What does the idiom "turn over a new leaf" mean?

turn over a new leaf is an idiom used by many writers. When idioms are used in the right place, they open the doors of effective communication and increase your descriptive power. In this way, you will be better understood. The meaning of the expression turn over a new leaf is also remarkable in this respect.

Meaning of "turn over a new leaf"


The idiom 'turn over a new leaf' is a metaphor for making an effort to improve oneself, to live a better life, or to start something fresh and new. It suggests that one has made a conscious decision to turn over a new page and to create a better version of themselves, leaving the mistakes of the past behind.


This phrase is traceable back to the early 1700s, and is a metaphor taken from a physical book. When a book is finished or a reader wants to start a new chapter, they would literally turn the leaf of the book, or the page, to start a new chapter. The phrase ‘turning over a new leaf’ was then used to describe a person’s decision to start a new chapter in their life, a metaphor that is still used today.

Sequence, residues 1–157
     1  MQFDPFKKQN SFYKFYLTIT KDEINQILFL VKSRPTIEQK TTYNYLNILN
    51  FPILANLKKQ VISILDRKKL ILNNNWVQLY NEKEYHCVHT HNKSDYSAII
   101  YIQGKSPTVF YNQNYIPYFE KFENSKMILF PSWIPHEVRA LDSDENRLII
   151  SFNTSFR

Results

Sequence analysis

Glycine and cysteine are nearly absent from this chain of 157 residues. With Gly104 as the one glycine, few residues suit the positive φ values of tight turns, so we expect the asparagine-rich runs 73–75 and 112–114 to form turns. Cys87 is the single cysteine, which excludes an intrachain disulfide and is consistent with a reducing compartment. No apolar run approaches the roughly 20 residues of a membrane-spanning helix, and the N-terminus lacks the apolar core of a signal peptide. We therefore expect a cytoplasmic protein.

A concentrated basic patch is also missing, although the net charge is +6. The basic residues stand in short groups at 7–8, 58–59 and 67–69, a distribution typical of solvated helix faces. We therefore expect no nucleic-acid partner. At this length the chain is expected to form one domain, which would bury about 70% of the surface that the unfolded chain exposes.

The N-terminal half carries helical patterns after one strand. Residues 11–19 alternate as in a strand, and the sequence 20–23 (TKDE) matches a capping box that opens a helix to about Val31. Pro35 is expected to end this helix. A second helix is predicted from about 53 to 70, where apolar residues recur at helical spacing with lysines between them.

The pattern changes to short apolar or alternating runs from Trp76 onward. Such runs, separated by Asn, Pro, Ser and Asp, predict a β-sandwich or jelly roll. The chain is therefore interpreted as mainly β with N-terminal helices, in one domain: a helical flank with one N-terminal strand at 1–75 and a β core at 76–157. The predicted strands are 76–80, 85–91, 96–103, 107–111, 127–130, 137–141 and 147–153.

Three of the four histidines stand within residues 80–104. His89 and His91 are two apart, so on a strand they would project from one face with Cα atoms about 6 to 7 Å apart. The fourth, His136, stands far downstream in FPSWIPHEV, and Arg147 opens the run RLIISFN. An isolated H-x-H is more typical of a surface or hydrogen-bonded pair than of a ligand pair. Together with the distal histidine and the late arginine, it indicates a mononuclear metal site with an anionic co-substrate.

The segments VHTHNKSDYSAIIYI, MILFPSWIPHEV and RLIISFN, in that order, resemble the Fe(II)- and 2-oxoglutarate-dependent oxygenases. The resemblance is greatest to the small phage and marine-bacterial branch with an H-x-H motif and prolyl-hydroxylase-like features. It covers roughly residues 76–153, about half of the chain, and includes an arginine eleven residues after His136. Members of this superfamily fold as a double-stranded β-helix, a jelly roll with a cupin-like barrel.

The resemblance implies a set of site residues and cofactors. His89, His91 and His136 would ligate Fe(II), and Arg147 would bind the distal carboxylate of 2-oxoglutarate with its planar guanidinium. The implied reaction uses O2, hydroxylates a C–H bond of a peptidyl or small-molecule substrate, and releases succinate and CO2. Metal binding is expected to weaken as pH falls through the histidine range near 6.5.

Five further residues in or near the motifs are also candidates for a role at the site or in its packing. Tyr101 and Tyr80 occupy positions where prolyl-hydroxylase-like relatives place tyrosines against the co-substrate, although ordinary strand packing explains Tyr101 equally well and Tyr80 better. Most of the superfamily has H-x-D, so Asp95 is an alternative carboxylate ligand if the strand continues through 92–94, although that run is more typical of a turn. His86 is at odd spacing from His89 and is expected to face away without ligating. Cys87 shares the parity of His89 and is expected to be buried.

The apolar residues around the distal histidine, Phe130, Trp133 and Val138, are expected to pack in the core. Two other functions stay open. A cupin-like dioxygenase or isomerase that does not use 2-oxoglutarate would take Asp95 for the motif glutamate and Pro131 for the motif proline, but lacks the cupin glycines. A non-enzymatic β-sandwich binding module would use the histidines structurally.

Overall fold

The phrase ‘turn over a new leaf’ is generally used as a positive phrase in everyday speech. It is usually used when a person has decided to make a positive change in their life or behaviour. The phrase is often used to encourage someone to start doing something good or inspiring, either in their personal or professional life. For example, “having lost his job, he decided to turn over a new leaf and pursue his long-time dream of becoming a chef.”

Example Sentences

  • He has decided to turn over a new leaf and apply himself to his studies.
  • She is trying to turn over a new leaf and stop smoking.
  • The student has promised to turn over a new leaf and not to get into any more trouble.
  • He has decided to turn over a new leaf and take more responsibility for his actions.

The meanings of the words in the "turn over a new leaf" idiom

The universal role of idioms

"Kill two birds with one stone" is an English idiom that means to accomplish two things with a single action. In French, the similar idiom is "Faire d'une pierre deux coups," which translates to "To kill two birds with one stone." This idiom highlights the efficiency of completing two tasks with one action.


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